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Going High: The Trouble With Barack And Michelle Obama's Big Ask

John Vercher asks: Does going high mean we must continue to turn the other cheek, look the other way while progress is undone?Pictured: President Barack Obama and First Lady Michelle Obama leave the stage after President Obama gives his presidential farewell address at McCormick Place in Chicago, Tuesday, Jan. 10, 2017. (Charles Rex Arbogast/AP)
John Vercher asks: Does going high mean we must continue to turn the other cheek, look the other way while progress is undone?Pictured: President Barack Obama and First Lady Michelle Obama leave the stage after President Obama gives his presidential farewell address at McCormick Place in Chicago, Tuesday, Jan. 10, 2017. (Charles Rex Arbogast/AP)
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COMMENTARY

Dear President Obama,

Not long before the night you said farewell, when you asked us once more to believe, the first lady gave us another mantra: When they go low, we go high.

It’s getting to be a pretty big ask.

Because the way I see it, it’s what we’ve always done. My father, his parents and their parents had shown us how, their bodies and hearts still bearing the scars of a time barely more than a generation removed. They walked the high road until their feet bled, until that treacherous, unsteady ground had been leveled, because they knew that not even voting rights and civil rights meant equal rights. They knew their children would have to walk that high road again.

Then you came along.

The high road you want us to travel is treacherous once more, beset on all sides by those who would seek to bring us low.

You asked us for something different: hope and change, and you gave us the courage to believe in both. But when you won, before you became the 44th president, you became the first black president. Your supporters exclaimed it and your detractors lamented it.

Before you were the leader of the free world, you were black, and it mattered, in the ways it should and the ways it shouldn’t. It was the reason we said you didn’t do enough for the black community, just as much as it was the reason the man who follows you but cannot fill the space you leave behind challenged the legitimacy of your birth certificate.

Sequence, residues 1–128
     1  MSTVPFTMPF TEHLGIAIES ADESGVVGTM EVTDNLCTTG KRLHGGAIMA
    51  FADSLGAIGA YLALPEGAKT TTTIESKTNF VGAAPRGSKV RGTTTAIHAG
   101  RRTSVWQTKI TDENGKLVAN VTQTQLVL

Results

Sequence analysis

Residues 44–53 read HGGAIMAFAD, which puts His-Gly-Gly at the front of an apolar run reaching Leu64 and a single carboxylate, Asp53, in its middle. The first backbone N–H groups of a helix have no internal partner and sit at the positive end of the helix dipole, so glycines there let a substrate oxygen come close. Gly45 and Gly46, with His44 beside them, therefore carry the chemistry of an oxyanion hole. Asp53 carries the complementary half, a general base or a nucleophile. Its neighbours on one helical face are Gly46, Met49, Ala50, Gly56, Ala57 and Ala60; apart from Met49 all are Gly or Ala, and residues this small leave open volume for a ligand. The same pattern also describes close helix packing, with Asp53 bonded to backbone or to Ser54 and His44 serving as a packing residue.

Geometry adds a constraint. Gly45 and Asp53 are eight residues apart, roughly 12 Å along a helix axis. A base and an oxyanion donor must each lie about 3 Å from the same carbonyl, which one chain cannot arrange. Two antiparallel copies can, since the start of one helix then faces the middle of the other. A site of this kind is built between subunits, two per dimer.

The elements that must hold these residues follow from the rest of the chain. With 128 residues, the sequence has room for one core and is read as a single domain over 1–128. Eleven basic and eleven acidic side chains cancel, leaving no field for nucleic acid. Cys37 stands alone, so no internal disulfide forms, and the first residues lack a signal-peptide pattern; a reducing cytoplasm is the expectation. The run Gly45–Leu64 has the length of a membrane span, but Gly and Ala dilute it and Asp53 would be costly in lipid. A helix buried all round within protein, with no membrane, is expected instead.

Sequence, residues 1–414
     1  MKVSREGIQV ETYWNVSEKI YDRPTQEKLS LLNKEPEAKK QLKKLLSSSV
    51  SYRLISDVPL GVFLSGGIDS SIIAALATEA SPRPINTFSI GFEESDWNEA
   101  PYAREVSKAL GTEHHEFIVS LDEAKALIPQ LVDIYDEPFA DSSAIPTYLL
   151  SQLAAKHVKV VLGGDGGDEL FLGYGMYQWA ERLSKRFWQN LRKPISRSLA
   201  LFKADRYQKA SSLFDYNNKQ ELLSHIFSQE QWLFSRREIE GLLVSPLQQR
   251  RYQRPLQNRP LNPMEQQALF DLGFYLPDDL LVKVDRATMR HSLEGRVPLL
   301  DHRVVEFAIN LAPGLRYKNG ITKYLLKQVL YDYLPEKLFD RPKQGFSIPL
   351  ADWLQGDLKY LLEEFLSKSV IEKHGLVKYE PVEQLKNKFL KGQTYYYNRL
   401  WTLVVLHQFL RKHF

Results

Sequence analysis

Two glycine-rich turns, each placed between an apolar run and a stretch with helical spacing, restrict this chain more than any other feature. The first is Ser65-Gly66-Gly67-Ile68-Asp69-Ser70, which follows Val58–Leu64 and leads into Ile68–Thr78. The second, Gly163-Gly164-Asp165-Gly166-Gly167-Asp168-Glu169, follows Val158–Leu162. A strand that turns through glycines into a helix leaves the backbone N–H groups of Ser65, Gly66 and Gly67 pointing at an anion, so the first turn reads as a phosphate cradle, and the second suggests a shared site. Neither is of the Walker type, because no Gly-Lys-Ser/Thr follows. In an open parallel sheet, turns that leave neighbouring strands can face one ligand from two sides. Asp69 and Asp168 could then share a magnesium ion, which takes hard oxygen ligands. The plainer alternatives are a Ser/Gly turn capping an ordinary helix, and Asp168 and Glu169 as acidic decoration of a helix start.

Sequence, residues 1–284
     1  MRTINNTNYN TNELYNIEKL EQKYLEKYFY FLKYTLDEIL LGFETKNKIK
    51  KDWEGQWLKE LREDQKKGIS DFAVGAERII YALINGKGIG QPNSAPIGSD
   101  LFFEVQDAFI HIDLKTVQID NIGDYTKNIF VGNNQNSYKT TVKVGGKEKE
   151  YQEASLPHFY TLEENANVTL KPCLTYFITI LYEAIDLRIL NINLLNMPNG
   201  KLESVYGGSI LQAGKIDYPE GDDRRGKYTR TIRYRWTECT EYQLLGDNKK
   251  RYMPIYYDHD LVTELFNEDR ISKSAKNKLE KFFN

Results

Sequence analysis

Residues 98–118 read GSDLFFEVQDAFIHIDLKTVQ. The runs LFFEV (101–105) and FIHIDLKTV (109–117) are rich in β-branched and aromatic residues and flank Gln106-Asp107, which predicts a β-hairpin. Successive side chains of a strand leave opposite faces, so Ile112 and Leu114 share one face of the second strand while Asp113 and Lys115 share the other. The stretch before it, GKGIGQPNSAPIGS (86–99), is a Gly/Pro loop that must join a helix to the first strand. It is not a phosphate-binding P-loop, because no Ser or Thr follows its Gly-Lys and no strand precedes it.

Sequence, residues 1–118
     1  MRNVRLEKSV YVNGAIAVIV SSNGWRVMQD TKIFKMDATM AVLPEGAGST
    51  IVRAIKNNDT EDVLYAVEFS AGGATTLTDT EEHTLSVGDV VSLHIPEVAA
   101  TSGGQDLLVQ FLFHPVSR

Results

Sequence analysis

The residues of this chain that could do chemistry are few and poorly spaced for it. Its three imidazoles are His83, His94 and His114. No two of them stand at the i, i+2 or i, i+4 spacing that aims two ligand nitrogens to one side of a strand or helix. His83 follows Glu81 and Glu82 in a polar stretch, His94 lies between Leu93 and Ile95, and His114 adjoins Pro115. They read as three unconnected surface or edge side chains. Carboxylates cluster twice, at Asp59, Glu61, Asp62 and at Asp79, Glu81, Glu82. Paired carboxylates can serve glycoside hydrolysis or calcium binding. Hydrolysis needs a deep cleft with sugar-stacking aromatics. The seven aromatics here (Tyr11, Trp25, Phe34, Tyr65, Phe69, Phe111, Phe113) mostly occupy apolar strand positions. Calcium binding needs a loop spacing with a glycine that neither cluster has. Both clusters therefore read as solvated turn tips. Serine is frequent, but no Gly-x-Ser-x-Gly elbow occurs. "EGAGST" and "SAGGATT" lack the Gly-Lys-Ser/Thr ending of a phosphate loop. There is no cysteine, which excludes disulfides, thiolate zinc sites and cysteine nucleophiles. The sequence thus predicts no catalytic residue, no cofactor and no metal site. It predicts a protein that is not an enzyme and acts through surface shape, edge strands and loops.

Yet you handled it all with a grace and dignity the likes of which few had seen. So when you won again, we got comfortable. Put our feet up.

And we got caught slipping.

President Obama is embraced by a woman in the crowd as he greets supporters after his farewell address at McCormick Place in Chicago, on Jan. 10, 2017. (Pablo Martinez Monsivais/AP)
President Obama is embraced by a woman in the crowd as he greets supporters after his farewell address at McCormick Place in Chicago, on Jan. 10, 2017. (Pablo Martinez Monsivais/AP)

Our glasses slid down the bridge of our nose, and the borders of that racism got a little fuzzy. We let ourselves believe we weren’t seeing it as clearly as we once were. Oh, it was still there, we said, despite the incessant refrains of post-racial America, but maybe it was a little harder to see. The edges a little softer.

But it wasn’t the edges. It was us.

While we slept, he ascended to meet his low road. Now, each morning’s news cycle brings headlines and quotes more surreal than the man making them: President-elect Donald J. Trump.

What follows is your tenure as reflected in a funhouse mirror. Dignity replaced by disgrace. Humility by hubris. Unity by division. Truth by lies.

Does going high mean we must continue to turn the other cheek, look the other way while progress is undone? Healthcare first. A woman's right to choose. Our right to wed. Can water fountains and seats on the bus be far behind?

What will it take for us to stop turning our heads and face forward?

Going high needs to mean more. We cannot allow it to mean that we will back down, be passive, “give him a chance.”

It’s time to create a collective voice so loud that it defies the president-elect’s defiance of our ability to unify.

It’s time to create a collective voice so loud that it defies the president-elect’s defiance of our ability to unify. To stop talking about post-racial America and actually create it, by finding the commonalities in that against which we struggle; the imminently real possibility that the rights we deem so inalienable are slipping away.

You asked us to believe in our ability to bring about change, the way we believed in yours. The high road you want us to travel is treacherous once more, beset on all sides by those who would seek to bring us low. Can we do it?

Yes, we can.

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John Vercher Twitter Cognoscenti contributor
John Vercher is a writer. His debut novel, "Three-Fifths," will be out in fall of 2019.

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